Johnson warns of difficult path ahead as he promises to reshape British economy
By David Hughes, PA Political Editor
Boris Johnson said he would unleash the “unique spirit” of the country as he set out on the “difficult” process of reshaping the British economy.
The Prime Minister used his Conservative Party conference speech to say he has the “guts” to reshape society, addressing issues which had been dodged by previous administrations.
With shortages of lorry drivers and other workers hitting supply chains, leading to empty shelves and queues at petrol stations, Mr Johnson defended his strategy of restricting the supply of cheap foreign labour after Brexit.
And despite a looming National Insurance rise for millions of workers in April to fund a £12 billion annual investment in health and social care, Mr Johnson insisted his new approach would ultimately create a “low-tax economy”.
“That’s the direction in which the country is going now – towards a high-wage, high-skilled, high-productivity and, yes, thereby a low-tax economy. That is what the people of this country need and deserve.”
“Yes, it will take time, and sometimes it will be difficult, but that is the change that people voted for in 2016.”
Setting out the need for the health tax hike, Mr Johnson said: “We have a huge hole in the public finances, we spent £407 billion on Covid support and our debt now stands at over £2 trillion, and waiting lists will almost certainly go up before they come down.
“Covid pushed out the great bow wave of cases and people did not or could not seek help, and that wave is now coming back – a tide of anxiety washing into every A&E and every GP.”
“Your hip replacement, your mother’s surgery … and this is the priority of the British people.”
The rising tax burden has caused concern among the Tories, but Mr Johnson told activists in Manchester: “I can tell you – Margaret Thatcher would not have ignored the meteorite that has just crashed through the public finances.”
“She would have wagged her finger and said: ‘More borrowing now is just higher interest rates, and even higher taxes later.'”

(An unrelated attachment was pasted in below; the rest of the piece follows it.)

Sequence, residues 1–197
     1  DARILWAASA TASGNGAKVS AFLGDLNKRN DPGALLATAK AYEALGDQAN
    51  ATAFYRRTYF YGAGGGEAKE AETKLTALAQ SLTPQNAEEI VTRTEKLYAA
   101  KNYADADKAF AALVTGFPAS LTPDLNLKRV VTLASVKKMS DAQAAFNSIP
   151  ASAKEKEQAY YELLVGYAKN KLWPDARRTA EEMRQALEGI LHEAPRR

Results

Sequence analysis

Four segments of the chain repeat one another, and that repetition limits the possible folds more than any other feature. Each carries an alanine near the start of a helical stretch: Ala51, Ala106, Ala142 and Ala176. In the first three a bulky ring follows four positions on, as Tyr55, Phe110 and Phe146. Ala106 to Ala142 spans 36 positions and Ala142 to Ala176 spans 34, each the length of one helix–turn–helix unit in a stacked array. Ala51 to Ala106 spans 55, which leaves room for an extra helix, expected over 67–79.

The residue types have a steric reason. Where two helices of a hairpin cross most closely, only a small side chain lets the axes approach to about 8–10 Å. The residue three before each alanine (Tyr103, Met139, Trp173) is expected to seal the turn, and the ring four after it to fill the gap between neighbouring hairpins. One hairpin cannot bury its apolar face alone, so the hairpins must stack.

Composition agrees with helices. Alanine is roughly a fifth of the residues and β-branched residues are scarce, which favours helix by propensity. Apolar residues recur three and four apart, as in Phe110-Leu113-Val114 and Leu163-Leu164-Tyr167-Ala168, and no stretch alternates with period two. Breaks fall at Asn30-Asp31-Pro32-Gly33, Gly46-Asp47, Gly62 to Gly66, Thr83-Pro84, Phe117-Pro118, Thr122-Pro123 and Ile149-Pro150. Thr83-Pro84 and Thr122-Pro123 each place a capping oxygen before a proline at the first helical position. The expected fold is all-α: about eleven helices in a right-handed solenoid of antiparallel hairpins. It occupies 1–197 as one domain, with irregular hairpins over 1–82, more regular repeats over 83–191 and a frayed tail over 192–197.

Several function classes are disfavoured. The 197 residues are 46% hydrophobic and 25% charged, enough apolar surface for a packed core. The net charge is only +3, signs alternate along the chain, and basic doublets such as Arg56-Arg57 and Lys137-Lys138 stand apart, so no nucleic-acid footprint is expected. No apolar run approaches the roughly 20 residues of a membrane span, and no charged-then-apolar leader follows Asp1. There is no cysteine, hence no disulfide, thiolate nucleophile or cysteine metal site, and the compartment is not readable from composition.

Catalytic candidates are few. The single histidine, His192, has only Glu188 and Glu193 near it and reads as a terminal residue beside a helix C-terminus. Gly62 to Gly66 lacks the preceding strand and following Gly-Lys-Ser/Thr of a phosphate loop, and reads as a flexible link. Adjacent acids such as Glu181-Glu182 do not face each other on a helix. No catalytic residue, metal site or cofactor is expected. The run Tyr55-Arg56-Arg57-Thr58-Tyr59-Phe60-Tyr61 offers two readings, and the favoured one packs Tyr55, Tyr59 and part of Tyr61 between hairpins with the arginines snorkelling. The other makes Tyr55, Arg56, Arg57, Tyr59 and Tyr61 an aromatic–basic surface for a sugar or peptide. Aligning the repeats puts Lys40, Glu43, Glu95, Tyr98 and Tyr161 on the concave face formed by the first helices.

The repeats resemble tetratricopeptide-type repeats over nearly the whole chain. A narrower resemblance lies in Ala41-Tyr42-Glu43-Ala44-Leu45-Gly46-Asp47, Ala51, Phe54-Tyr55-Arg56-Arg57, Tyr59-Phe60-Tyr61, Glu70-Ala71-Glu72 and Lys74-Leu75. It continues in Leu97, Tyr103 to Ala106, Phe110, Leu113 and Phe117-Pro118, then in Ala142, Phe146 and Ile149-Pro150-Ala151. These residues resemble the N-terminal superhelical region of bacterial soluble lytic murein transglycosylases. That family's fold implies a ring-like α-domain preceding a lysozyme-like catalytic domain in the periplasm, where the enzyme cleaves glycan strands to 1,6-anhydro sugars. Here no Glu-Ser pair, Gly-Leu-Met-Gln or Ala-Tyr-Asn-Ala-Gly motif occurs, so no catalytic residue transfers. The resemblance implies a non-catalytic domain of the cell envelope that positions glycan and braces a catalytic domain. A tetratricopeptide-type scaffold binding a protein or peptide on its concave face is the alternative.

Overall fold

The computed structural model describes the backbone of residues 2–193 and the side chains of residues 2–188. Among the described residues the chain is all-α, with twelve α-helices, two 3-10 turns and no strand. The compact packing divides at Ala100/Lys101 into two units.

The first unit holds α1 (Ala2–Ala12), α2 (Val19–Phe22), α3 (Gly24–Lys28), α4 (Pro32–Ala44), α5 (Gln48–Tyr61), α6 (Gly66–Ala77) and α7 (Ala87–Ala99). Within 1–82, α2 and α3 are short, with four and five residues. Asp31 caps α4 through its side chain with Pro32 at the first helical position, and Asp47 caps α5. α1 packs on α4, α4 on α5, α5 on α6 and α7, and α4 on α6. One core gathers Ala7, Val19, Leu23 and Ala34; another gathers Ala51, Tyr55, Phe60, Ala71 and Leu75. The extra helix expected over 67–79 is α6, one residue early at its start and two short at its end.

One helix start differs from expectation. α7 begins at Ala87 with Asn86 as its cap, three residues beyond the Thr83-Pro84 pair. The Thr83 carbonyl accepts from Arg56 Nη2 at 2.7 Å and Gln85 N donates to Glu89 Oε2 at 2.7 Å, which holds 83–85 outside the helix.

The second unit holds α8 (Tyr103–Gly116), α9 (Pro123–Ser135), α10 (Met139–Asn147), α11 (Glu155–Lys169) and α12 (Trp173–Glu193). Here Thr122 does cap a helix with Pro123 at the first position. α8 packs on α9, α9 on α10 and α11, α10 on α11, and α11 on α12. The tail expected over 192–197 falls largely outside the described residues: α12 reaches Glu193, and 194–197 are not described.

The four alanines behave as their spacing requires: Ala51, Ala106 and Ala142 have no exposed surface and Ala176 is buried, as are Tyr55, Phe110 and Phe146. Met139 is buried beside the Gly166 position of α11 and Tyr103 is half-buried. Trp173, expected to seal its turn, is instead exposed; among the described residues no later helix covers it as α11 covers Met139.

The 44-minute keynote address came as the Government implemented its £20-a-week cut in universal credit as the temporary uplift in the benefit over the pandemic ended.
Mr Johnson used his speech, which was largely devoid of major policy announcements, to spell out what his “levelling-up” agenda means.
“The idea in a nutshell is you will find talent, genius, care, imagination and enthusiasm everywhere in this country, all of them evenly distributed – but opportunity is not,” said Mr Johnson.
“Our mission as Conservatives is to promote opportunity with every tool we have.”
He promised a “levelling-up premium” of up to £3,000 to get “the best maths and science teachers to the places that need them most” to boost the life chances of children from poorer areas.
But experts including former education adviser to the Government Sam Freedman denied it was a new policy and said it was a “kind of U-turn” in tweaking a scheme that was previously scrapped.
Setting out his brand of “radical and optimistic” conservatism, Mr Johnson also promised action to address long-standing problems in the supply of housing – an issue which has been contentious in his party, with proposed planning reforms blamed for the Chesham and Amersham by-election defeat in June.
Mr Johnson said it had been a “scandal” that the “dream of home ownership” had receded in the past 20 years.
Mr Johnson said the housing needed could be built “not on green fields, not just jammed in the South East” but on brownfield sites “in places where homes make sense”.
The Prime Minister said Team GB’s second place in the Paralympics medal table demonstrated a country that was “proud to be a trailblazer” and “to judge people not by where they come from but by their spirit, what is inside them”.
“That is the spirit that is the same across this country in every town and village, that can be found in the hearts and minds of kids growing up everywhere, and that is the spirit we are going to unleash,” the Prime Minister said.
Confederation of British Industry director-general Tony Danker said Mr Johnson warned the economy is at a “fragile moment” and called for more detail of the Prime Minister’s approach.
“The Prime Minister has set out a compelling vision for our economy. High wages, high skills, high investment and high growth,” he said.
“But the PM has only stated his ambition on wages. This needs to be backed up by action on skills, on investment and on productivity.
“Ambition on wages without action on investment and productivity is ultimately just a pathway for higher prices.”
But a union leader branded the Prime Minister’s speech as “full of hot air”, even though business groups were more supportive.
Gibraltarian Manuel Cortes, general secretary of the Transport Salaried Staffs Association, said: “As ever, this political jester came up with nothing but hot air.”
“We had slogans over specifics at a time when costs are rising, inflation is a real worry, universal credit is reduced for millions, there are widespread food and fuel shortages and a very real climate crisis.”
“As we try to move away from the shadow of Covid, the Prime Minister’s pitch will ring hollow for many. He talks about completing Northern Powerhouse Rail but is set to ditch the Eastern leg of High Speed 2.”
“That’s not building back better, but short-sighted folly.”
“It looks and feels as though an iceberg is heading towards our economy and Johnson is the captain of a rudderless ship incapable of steering a course to safety.”